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Tips for teachers in handling Substance Abuse

The World Health Organisation (WHO) defines substance abuse as harmful or hazardous use of psychoactive substances, including alcohol and illicit drugs. Psychoactive substance use can lead to dependence syndrome - a cluster of behavioural, cognitive, and physiological phenomena that develop after repeated substance use and that typically includes a strong desire to take the drug, difficulties in controlling its use, persisting in its use despite harmful consequences, a higher priority given to drug use than to other activities and obligations, increased tolerance, and sometimes a physical withdrawal state.

Signs of Substance Abuse

There are different signs of drug abuse. In general, people who use drugs or alcohol typically display health issues; like, a neglected appearance, changes in behaviour and irregular sleeping patterns. They also make repeated requests for money.

Psychological signs of substance abuse

Physical signs

  • Bloodshot eyes
  • Flushed skin
  • Track marks or abscesses
  • Weight loss or gain
  • Impaired speech or coordination
  • Unusual smell in breath or clothing
  • Inability to sleep
  • Poor hygiene

Behavioural signs

  • Inability to focus
  • Problems in school or with authority
  • Lying and deceiving
  • Mood swings and instability
  • Hyperactivity or lethargy
  • Loss of inhibitions
  • Indifference to family or obligations
  • Unexplained guilt
  • Depression
  • Decline of self-esteem
  • Self-hatred, which may lead to self-mutilation

What Teachers Can Do?

Identifying students with drug use problem

It is important to be mindful of changes in young person’s behaviour due to factors other than drug use. Therefore, it is important for the teachers to remember the following:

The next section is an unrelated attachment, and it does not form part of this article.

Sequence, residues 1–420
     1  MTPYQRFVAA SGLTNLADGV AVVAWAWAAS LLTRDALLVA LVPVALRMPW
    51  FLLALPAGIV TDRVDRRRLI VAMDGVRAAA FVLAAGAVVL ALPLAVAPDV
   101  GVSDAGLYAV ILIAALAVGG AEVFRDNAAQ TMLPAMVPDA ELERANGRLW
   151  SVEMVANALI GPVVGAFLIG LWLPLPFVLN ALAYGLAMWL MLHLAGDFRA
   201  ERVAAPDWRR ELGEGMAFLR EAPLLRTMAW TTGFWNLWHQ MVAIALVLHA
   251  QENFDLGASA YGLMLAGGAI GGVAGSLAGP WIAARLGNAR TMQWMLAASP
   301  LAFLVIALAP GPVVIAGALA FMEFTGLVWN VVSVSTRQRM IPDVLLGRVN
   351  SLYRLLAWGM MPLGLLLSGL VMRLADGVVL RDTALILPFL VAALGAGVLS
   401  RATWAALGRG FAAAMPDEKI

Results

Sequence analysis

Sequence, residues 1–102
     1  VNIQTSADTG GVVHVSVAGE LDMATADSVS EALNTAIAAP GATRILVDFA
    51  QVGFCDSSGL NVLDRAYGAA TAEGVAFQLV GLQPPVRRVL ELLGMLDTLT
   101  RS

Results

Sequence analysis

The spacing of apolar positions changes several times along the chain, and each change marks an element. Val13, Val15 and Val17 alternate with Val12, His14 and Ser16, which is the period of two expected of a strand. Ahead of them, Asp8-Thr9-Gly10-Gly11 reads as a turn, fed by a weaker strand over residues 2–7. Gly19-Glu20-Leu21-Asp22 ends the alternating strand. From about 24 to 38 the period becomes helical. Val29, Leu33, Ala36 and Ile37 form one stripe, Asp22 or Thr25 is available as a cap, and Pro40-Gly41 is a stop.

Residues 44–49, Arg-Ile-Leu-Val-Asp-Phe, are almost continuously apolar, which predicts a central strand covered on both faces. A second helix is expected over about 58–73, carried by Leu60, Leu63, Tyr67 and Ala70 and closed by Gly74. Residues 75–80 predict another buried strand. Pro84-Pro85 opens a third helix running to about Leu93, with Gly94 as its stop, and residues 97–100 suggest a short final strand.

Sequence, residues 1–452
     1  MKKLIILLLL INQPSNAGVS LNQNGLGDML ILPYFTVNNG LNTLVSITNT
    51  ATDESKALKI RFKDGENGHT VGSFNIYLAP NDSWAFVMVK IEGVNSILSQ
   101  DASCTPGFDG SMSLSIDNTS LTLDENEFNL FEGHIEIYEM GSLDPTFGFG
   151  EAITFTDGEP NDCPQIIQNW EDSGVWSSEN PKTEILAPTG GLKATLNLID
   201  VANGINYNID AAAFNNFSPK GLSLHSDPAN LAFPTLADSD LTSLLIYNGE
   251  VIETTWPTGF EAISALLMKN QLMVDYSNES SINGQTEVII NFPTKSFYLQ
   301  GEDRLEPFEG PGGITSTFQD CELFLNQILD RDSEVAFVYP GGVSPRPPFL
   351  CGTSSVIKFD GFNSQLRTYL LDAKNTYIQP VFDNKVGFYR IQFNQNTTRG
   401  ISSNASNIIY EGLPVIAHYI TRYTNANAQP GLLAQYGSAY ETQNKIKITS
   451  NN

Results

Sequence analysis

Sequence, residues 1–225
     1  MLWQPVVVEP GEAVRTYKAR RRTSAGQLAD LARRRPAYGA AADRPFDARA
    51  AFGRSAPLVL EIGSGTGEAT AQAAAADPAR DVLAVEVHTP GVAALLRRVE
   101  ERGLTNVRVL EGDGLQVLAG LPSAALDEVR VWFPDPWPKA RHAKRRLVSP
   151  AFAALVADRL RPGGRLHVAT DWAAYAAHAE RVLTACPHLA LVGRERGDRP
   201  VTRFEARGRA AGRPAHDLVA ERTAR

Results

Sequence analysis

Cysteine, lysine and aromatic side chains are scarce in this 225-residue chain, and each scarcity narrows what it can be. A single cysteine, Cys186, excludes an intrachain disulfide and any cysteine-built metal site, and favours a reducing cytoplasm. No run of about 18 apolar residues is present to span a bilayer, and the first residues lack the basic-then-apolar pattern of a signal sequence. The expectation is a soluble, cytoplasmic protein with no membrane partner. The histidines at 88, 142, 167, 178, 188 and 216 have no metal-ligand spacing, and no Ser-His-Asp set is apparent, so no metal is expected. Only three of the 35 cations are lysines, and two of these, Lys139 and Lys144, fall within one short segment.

• Many observed behavioural changes which are recognised as signs and symptoms of drug use may be due to other causes and factors. It is important not to jump to conclusions without checking the facts first.
  • Drug use is not necessarily drug abuse. The proportion of adolescents who develop significant problems associated with drug use is relatively small compared with the total number of users.
  • Research has found that the strongest predictor of increased drug use is the effects of being labelled a ‘drug user’. In other words, drug use increases as a result of getting into trouble for initial drug use. A plausible reason for this can be that the drug user is often alienated from society by being labelled as ‘drug user’ and is no longer motivated to conform or belong to that society. The drug user has less opportunity to socialise with non-drug users as a result of alienation, and consequently increases involvement with drug using groups.

Drug misuse may have an impact on learning and participation in school. Teachers are usually the primary adults who participate in the life of children outside the family. They can readily identify atypical behaviour, and recognise when students are not learning and may be experiencing difficulties with other aspects of their lives.

Talking to young people about possible drug use